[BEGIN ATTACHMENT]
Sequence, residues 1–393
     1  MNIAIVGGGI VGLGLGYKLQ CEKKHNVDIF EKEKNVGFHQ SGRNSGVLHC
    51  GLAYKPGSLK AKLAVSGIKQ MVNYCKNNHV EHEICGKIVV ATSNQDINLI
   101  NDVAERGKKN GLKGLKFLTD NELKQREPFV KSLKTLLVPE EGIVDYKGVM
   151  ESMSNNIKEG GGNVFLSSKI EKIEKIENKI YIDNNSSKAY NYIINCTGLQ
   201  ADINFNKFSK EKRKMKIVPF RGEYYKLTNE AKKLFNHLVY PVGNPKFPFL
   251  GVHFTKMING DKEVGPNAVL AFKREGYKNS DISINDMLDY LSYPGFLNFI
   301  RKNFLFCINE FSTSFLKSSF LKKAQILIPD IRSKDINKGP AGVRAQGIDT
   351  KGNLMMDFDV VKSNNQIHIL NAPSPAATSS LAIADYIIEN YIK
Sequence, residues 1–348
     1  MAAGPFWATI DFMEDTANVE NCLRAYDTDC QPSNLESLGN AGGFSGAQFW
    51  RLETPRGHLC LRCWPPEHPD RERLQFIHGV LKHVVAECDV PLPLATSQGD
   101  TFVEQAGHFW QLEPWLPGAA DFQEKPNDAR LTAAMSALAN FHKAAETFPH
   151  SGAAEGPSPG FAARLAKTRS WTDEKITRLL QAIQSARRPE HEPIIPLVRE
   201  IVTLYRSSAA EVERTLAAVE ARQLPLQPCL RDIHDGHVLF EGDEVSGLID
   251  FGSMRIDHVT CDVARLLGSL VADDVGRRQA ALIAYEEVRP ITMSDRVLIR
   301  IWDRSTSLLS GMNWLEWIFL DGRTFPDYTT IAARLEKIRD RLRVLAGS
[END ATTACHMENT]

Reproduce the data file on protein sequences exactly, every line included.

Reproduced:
Sequence, residues 1–393
     1  MNIAIVGGGI VGLGLGYKLQ CEKKHNVDIF EKEKNVGFHQ SGRNSGVLHC
    51  GLAYKPGSLK AKLAVSGIKQ MVNYCKNNHV EHEICGKIVV ATSNQDINLI
   101  NDVAERGKKN GLKGLKFLTD NELKQREPFV KSLKTLLVPE EGIVDYKGVM
   151  ESMSNNIKEG GGNVFLSSKI EKIEKIENKI YIDNNSSKAY NYIINCTGLQ
   201  ADINFNKFSK EKRKMKIVPF RGEYYKLTNE AKKLFNHLVY PVGNPKFPFL
   251  GVHFTKMING DKEVGPNAVL AFKREGYKNS DISINDMLDY LSYPGFLNFI
   301  RKNFLFCINE FSTSFLKSSF LKKAQILIPD IRSKDINKGP AGVRAQGIDT
   351  KGNLMMDFDV VKSNNQIHIL NAPSPAATSS LAIADYIIEN YIK
Sequence, residues 1–348
     1  MAAGPFWATI DFMEDTANVE NCLRAYDTDC QPSNLESLGN AGGFSGAQFW
    51  RLETPRGHLC LRCWPPEHPD RERLQFIHGV LKHVVAECDV PLPLATSQGD
   101  TFVEQAGHFW QLEPWLPGAA DFQEKPNDAR LTAAMSALAN FHKAAETFPH
   151  SGAAEGPSPG FAARLAKTRS WTDEKITRLL QAIQSARRPE HEPIIPLVRE
   201  IVTLYRSSAA EVERTLAAVE ARQLPLQPCL RDIHDGHVLF EGDEVSGLID
   251  FGSMRIDHVT CDVARLLGSL VADDVGRRQA ALIAYEEVRP ITMSDRVLIR
   301  IWDRSTSLLS GMNWLEWIFL DGRTFPDYTT IAARLEKIRD RLRVLAGS